facebook hacker attack

Facebook: 50 million accounts hit by security breach

Facebook has said 50 million user accounts were affected by a security breach which potentially enabled hackers to take over people's accounts.


The social media giant has not yet determined whether the accounts were misused or information was accessed.

Nor does it know who is behind the breach or where they are based. Facebook said the hack was discovered on Tuesday afternoon, and stemmed from a change it made to its video uploading feature in July 2017.

Something called "View As", which allows users to see what their profile looks like to someone else, subsequently became vulnerable.

About 90 million people will now have to log back in, after an additional 40 million accounts were reset as a precautionary measure.

While an investigation is still in its early stages, Mr Rosen said the company was "working hard to better understand" what had happened.

 

What is 'View As'?

Facebook's "View As" function is a privacy feature that allows people to see what their own profile looks to other users, making it clear what information is viewable to their friends, friends of friends, or the public.

Attackers found multiple bugs in this feature that "allowed them to steal Facebook access tokens, which they could then use to take over people's accounts", Mr Rosen explained.

"Access tokens are the equivalent of digital keys that keep people logged in to Facebook so they don't need to re-enter their password every time they use the app," he added.

 

Who has been affected?

The firm would not say where in the world the 50 million users are, but it has informed Irish data regulators, where Facebook's European subsidiary is based.

The company said the users prompted to log-in again did not have to change their passwords.

"Since we’ve only just started our investigation, we have yet to determine whether these accounts were misused or any information accessed. We also don’t know who’s behind these attacks or where they’re based. “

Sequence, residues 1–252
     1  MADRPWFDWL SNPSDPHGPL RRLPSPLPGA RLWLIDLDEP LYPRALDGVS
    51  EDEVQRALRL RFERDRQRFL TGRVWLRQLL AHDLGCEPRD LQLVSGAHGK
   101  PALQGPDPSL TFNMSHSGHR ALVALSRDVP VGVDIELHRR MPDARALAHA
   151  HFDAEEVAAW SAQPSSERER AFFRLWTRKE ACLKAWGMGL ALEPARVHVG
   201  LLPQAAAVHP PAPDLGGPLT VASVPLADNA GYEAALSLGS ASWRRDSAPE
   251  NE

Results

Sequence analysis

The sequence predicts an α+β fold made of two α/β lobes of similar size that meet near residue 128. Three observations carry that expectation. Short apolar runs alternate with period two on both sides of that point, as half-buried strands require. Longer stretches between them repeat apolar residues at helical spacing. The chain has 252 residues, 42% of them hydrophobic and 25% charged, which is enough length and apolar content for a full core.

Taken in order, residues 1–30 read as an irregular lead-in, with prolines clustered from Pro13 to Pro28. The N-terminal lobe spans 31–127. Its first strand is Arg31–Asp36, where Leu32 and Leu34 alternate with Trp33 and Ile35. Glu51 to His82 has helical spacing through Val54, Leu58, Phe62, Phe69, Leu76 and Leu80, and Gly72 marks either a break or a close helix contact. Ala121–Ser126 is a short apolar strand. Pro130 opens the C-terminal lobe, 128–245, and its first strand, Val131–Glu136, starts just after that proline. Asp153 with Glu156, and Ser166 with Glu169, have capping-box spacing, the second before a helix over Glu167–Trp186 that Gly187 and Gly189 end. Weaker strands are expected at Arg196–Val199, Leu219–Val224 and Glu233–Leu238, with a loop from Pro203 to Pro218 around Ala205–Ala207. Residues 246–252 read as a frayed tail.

He added: "People’s privacy and security is incredibly important, and we’re sorry this happened."

The company has confirmed that Facebook founder Mark Zuckerberg and its chief operating officer Sheryl Sandberg were among the 50 million accounts affected.

 

What does this mean for Facebook?

The breach comes at a time when the firm is struggling to convince lawmakers in the US and beyond, that it is capable of protecting user data.

Facebook founder Mark Zuckerberg said on a conference call on Friday that the firm took security seriously, in the face of what he said were constant attacks by bad actors.

But Jeff Pollard, vice-president and principal analyst at Forrester, said the fact Facebook held so much data meant it should be prepared for such attacks.

"Attackers go where the data is, and that has made Facebook an obvious target," he said. "The main concern here is that one feature of the platform allowed attackers to harvest the data of tens of millions of users.

"This indicates that Facebook needs to make limiting access to data a priority for users, APIs, and features."

Reaction to this news:

The UK's National Cyber Security Centre said in a statement: "Based on current information, we understand that Facebook have fixed the flaw by temporarily suspending the 'View As' feature.

"There is no evidence that people have to take action such as changing their passwords or deleting their profiles.

"However, users should be particularly vigilant to possible phishing attacks, as if data has been accessed it could be used to make scam messages more credible."


Chairman of the Commons' Digital, Culture, Media and Sport Select Committee, Damian Collins, tweeted:

"More serious questions for Mark Zuckerberg and Facebook - this is why (my committee) will continue to press for him to give evidence to our parliament."


Labour's shadow secretary of the committee, Tom Watson, said Facebook "should have discovered this industrial scale data breach months ago".

He added: "It is very disappointing that it has only come to light now."

"We need to know where affected users are and exactly how the breach happened."


Mark Drew, Lead Co-ordinator of Arboleas Home Watch commented: "This could be serious if you have full details in your profile as the hackers could potentially use this personal information to masquerade as you."

"For the next few week be extra vigilant and check regularly on your accounts."

Netwise 29.09.18